Decision: State v. Overstreet

January 30th. The Kansas Supreme Court has issued its opinion in State v. Overstreet (No. 95,682). In a unanimous opinion, written by Justice Davis the Court vacated Jason Overstreet’s convictions for aggravated assault and attempted first-degree murder. Overstreet’s case is remanded for a new trial. Note: Robert Davis, the author of the opinion is now the Chief Justice of the Court following the retirement of previous Chief Justice Kay McFarland. At the time this case was argued, McFarland was still on the Court.

On Pearl Harbor Day, 2004 Damian McCall was followed home from a Wichita drive thru by a Chevy Tahoe containing at least two men. When he got home and parked, one of the men emerged from the Tahoe and fired several shots at his vehicle with a handgun. McCall was unharmed since he ducked down when he saw the weapon and rammed the Tahoe with his SUV, causing it to flip over and its occupants fled.

Police subsequently apprehended several men, not including Jason Overstreet, however some evidence tied Overstreet to the scene and the owner of the vehicle claimed she had lent it to a man named “Jason”. Overstreet was therefore tried as an accomplice since the State argued that he had been the driver. Two of the men who had been arrested on the night of the shooting had told police that the driver was someone else.

At trial, when the State did not call either of these two men as witnesses Overstreet’s defense counsel applied for and gained a one-day continuance to find them, since he had not arranged for them to be called as witnesses. He located one, but when he testified he erroneously stated that he had identified Overstreet as the driver (this error was corrected by another witness). During deliberations the jury asked for subsequent instructions on one occasion. Later, the jury announced that it had reached a unanimous verdict on the assault charge but had not reached one on the attempted murder charge. The court instructed the jury to continue deliberating and an hour later they returned a guilty verdict on both counts.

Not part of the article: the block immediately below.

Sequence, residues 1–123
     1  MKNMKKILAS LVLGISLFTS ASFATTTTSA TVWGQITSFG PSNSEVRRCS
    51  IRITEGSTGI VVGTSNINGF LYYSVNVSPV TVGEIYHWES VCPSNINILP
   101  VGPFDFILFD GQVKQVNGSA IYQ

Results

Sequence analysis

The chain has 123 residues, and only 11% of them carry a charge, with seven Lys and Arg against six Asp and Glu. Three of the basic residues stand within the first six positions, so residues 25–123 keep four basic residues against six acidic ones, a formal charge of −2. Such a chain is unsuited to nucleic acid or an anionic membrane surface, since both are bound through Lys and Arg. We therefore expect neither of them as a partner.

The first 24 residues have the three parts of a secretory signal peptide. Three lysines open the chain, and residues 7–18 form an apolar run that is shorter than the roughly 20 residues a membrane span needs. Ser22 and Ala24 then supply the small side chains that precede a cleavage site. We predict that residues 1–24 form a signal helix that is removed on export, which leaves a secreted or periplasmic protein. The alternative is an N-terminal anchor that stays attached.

Overstreet appealed on multiple grounds which included 1) a claim that the jury instructions misstated the law on aiding and abetting, 2) a claim of prosecutorial misconduct over the prosecutor’s summing up of the same, 3) a claim that the additional instructions issued by the court to the jury should not have been permitted and 4) a claim of ineffective assistance of counsel. After some back and forth, he lost his appeal in an unpublished opinion issued last year. In his appeal to the Kansas Supreme Court he prevailed on three of these.

The Court held that the instructions to the jury did indeed misstate the law. The key issue at play here is that Overstreet was charged with attempted first-degree murder. The key component in first degree murder is intent. In the jury instructions that were issued the trial court included two separate statements, one which emphasised this point and one which noted that aiding and abetting can be applied to a case where the defendent could reasonably forsee that a certain outcome would stem from their actions. The Court held that this language could lead the jury to believe that they did not have to find intent beyond a reasonable doubt, when in fact they did to be able to convict, thus Overstreet’s attempted murder conviction was reversed.

The claim of prosecutorial misconduct stemmed from the same issue, except that the argument was that the prosecutor made the same misstatement of the law. The Court rejected this argument since the prosecutor’s summary was in line with the jury instructions and could not therefore be called misconduct.

The Court held that the trial court erred when it instructed the jury to continue deliberating after it had reported that it had reached a verdict on one charge but not the other. While the language of the opinion still preserves some latitude for Courts in this sort of situation it holds that based on the facts of this case, it went too far and seemed to be pushing the jury in the direction of a verdict.

Finally the Court ruled for Overstreet on his claim of ineffective assistance of counsel, thus vacating his assault conviction also. Overstreet’s theory of defense had been that he was not the driver and was not present. His attorney nonetheless had not arranged for the sub-poena of two witnesses who would have testified to this effect, and spent minimal time in preparing the witness who was found. As a result, this witness mistakenly claimed he had seen Overstreet driving the vehicle, something which caused the jury confusion. This was enough to remand the case for a new trial.

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